CardboardEverythingIsOkay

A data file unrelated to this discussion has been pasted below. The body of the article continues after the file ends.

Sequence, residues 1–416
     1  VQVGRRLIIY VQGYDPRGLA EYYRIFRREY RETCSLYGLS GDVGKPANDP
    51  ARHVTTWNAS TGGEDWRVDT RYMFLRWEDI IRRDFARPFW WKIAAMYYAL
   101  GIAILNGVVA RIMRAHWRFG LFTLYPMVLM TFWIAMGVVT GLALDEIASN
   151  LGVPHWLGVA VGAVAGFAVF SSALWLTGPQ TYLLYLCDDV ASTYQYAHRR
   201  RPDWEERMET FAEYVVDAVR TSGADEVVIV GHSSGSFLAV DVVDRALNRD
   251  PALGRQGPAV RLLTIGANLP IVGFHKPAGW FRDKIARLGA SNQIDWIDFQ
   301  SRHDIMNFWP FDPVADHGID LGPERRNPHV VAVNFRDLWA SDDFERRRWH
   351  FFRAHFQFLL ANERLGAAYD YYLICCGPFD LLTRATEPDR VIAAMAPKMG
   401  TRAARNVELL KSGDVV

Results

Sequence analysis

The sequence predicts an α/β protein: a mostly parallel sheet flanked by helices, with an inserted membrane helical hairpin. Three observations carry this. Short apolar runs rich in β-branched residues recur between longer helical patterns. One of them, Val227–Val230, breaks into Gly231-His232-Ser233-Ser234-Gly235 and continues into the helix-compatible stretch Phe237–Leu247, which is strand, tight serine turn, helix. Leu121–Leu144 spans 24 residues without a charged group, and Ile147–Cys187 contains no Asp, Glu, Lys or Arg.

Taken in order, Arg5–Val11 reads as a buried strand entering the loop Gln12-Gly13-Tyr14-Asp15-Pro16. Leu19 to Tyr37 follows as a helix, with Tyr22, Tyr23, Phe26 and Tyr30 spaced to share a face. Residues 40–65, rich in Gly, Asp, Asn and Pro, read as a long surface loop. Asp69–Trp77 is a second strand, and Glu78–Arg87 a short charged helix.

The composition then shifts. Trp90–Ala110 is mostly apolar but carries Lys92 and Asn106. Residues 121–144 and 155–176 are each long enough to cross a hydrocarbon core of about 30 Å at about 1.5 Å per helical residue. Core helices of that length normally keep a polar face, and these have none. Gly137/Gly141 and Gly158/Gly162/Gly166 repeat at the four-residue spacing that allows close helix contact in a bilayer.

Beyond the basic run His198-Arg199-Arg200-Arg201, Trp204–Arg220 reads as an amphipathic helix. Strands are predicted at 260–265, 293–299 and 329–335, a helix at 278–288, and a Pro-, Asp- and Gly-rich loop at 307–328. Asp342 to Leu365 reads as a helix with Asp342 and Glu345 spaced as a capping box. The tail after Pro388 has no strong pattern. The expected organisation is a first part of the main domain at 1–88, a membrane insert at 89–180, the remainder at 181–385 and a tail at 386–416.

It’s only the past fortnight or so that I’ve actually felt like I know who I am, like I’m walking into the light of the living room from the dark hallway, no lights. I feel like I am awake now, and I know what things I like, how I like to dress, mediocre things like that. I was talking about my favorite film a few nights ago and I said “It’s Ghost World”. I would have been incapable of making a decision like that previously because I didn’t know what I liked; I just felt lost and displaced. I started buying loads of grey marl tops and dresses because that’s what I like. When you’ve changed roles so dramatically, it’s hard to find your place. But I’ve found it now, and I’m okay. I’m being discharged from CBT shortly, and I’m not panicking about it anymore. My name is Ruth. I am 27. I’m a Mother, but I don’t live with my children. I live with my parents, and my siblings. My sister is absolutely hilarious, and I am honored that she’s MY little sister. I like sci-fi, but I’ve only seen one Star Wars film, and the last 25 minutes went over my head. I drink gin. I drink red wine. I don’t like coriander. I refuse to compromise. I swear a lot. I’m a feminist, damn right I am. I’m a good friend. I’m nervous and anxious. I can tell you how to get to any two points in London via bus. I’m Jewish, but I don’t keep Kosher.  I’m okay, and I’m happy. When someone tells me I’m amazing, I’m going to start believing it because I have to take that chance.